The Ear institute at New York Eye and Ear Infirmary, the oldest specialty hospital in America, is a recognized leader in evaluating hearing and balance problems for patients ranging from newborn babies to adults in their nineties. Our professionally licensed and trained audiologists are among the most skilled and experienced anywhere thanks to the volume and variety of cases they routinely handle.
From our comfortable, state-of-the-art facilities in Manhattan, we offer a comprehensive battery of tests for a wide range of hearing and balance disorders. These painless, non-invasive tests—conducted in soundproof rooms—are designed to determine the nature and severity of a potential hearing disorder.
Our audiologists have a particular expertise in testing children for hearing loss, including difficult to test kids or those with or developmental delay. Even younger children who won’t respond or cooperate with normal techniques can be tested with special computers (electrophysiologic testing) that give a close approximation of hearing level.
Here are the most common hearing and balance tests administered by our auditory specialists at the Ear institute:
- Immittance and acoustic reflex testing do not measure the level of a person's hearing, rather it measures how well the middle and inner ear functions. During the test, sound is introduced into the ear to see if the muscles in the ear contract.
- Tympanometry, which detects changes in pressure in the middle ear, as well as fluid behind the eardrum which can affect a person’s hearing.
- Otoacoustic emissions test, which helps to determine if the tiny hair cells in the inner ear are functioning normally. This test, which can be performed at any age (even to infants who are asleep), provides an objective screening for potential hearing loss.
- Pure tone audiometry and speech discrimination testing are the core of the hearing test. Sounds are presented in a range of frequencies and loudness to each ear so that the type of hearing loss can be diagnosed. The result of the test is an audiogram diagram which plots a person's hearing sensitivity at the tested frequencies.
Symptoms of a vestibular disorder such as dizziness, vertigo and imbalance can impact one’s ability to navigate through one or more activities of daily living such as bathing, dressing, or simply getting around inside one’s home. The Ear Institute offers a wide range of vestibular testing, on site. Vestibular testing consists of various tests that can help localize which area of the balance mechanism is causing the problem. Isolating the cause can allow the clinician to treat the patient’s symptom(s).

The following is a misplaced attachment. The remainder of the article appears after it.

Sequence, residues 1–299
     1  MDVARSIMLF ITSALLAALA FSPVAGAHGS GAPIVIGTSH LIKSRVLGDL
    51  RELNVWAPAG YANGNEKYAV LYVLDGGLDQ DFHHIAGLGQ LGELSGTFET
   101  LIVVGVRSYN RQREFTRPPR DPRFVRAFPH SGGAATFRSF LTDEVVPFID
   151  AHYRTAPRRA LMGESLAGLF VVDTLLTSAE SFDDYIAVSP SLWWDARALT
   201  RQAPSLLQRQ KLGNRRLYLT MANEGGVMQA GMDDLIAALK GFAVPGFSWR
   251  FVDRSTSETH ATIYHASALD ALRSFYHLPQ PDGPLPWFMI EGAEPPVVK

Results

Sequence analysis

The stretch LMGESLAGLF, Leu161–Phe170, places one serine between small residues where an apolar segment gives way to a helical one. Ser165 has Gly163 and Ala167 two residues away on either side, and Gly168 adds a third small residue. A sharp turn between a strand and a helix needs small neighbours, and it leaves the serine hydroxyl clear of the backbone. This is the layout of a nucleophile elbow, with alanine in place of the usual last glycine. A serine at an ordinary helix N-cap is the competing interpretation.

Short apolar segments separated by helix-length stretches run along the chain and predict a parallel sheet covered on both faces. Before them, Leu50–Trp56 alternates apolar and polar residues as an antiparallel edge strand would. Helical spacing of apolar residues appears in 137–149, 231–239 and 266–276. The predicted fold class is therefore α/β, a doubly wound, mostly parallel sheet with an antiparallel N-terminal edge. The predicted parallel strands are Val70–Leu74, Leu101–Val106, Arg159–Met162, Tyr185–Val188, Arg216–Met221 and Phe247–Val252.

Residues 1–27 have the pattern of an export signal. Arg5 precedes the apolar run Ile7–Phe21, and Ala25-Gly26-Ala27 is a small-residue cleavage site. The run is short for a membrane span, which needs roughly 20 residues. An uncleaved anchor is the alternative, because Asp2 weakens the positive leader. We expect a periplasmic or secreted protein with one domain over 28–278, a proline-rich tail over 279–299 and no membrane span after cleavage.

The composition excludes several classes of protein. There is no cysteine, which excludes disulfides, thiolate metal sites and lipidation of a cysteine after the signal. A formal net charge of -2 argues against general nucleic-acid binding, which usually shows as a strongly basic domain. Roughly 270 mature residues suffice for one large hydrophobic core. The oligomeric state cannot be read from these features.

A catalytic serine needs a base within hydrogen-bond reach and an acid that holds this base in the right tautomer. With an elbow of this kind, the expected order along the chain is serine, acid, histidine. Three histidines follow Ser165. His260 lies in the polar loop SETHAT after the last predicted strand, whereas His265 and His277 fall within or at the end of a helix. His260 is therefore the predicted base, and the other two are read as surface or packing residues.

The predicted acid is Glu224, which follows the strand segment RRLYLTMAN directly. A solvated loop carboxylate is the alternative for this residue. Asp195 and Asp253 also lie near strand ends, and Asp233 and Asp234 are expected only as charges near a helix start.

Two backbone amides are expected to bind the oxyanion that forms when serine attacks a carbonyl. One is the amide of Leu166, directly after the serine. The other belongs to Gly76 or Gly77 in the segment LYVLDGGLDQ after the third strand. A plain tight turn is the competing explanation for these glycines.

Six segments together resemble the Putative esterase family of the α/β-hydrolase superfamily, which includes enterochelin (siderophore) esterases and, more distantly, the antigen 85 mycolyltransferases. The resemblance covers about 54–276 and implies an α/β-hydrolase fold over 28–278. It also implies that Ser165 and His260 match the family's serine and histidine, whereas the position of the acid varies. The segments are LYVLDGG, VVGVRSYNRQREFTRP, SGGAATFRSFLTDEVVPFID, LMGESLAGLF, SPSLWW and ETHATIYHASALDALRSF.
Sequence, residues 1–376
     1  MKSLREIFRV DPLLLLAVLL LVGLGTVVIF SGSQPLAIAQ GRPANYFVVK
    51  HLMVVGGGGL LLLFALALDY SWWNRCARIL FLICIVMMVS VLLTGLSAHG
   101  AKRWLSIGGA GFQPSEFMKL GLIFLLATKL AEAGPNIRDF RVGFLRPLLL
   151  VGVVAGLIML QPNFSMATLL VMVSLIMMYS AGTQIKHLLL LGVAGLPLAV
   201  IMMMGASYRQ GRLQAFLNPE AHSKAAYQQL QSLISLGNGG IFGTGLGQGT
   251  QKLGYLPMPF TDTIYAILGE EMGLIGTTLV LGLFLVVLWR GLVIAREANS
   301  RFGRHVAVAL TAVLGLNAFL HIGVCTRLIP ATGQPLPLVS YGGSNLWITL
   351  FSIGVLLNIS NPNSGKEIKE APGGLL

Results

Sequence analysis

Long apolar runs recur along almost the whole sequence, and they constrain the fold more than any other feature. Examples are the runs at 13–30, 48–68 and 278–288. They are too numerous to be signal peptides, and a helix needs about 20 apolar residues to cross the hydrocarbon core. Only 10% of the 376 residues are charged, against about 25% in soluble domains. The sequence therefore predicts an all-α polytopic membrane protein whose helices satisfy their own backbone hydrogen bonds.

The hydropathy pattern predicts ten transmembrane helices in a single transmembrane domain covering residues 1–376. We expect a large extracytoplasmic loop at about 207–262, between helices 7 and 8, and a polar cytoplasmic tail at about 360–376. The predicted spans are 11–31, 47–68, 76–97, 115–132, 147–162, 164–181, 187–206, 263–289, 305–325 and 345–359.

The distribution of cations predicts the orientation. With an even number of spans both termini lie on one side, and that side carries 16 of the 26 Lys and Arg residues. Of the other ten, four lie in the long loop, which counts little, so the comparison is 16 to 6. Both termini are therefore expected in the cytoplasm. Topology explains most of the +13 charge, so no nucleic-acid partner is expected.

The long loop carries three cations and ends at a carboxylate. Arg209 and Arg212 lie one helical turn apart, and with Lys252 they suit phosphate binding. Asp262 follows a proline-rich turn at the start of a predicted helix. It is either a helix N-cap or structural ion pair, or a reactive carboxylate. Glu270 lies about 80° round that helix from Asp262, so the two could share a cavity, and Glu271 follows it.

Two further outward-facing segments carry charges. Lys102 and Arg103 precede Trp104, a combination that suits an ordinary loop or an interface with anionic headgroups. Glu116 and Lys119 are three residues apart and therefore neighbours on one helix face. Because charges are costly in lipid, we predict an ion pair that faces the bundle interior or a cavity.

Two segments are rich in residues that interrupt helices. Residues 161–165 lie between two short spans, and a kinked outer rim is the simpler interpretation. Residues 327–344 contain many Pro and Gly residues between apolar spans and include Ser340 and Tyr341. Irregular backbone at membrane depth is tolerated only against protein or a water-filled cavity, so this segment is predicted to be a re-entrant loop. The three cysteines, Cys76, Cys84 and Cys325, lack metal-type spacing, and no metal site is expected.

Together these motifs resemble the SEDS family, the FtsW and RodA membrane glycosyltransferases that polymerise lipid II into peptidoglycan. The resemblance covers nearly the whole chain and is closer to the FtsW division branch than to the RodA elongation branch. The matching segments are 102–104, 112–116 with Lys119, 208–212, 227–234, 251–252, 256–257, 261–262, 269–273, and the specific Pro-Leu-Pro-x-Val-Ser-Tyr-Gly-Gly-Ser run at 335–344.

- Electrocochleography ear test, to determine if the inner ear (cochlea) has an excessive amount of fluid pressure which can cause hearing loss, dizziness or a ringing in the ears (tinnitus).
- Rotary chair is a vestibular testing method often performed with the use of a rotary chair. The patient sits in a chair inside a dark booth. The patient's head is positioned and a camera is placed so that the examiner can watch the patient's eye movements during the test. Once the set-up is completed the chair rotates back and forth, leftward and rightward. This test assists in determining if a balance problem is arising from the ear or the brain. In addition, it can sometimes be used to monitor treatment for dizziness.
- Vestibular nystagmography, or VNG is a series of tests that assess the inner ear. This testing involves using infrared goggles to track eye movements during visual stimulation and position changes to assess the vestibular function of the inner ear.
- Vestibular evoked myogenic potential (VEMP), a test to determine the functionality of the organs of the inner ear. This information may be combined with other vestibular (balance) tests to help pinpoint the cause of vertigo or imbalance.
- Video head impulse test (VHIT), a test few hearing centers offer that detects peripheral vestibular disorders (dysfunctions of the balance organs of the inner ear).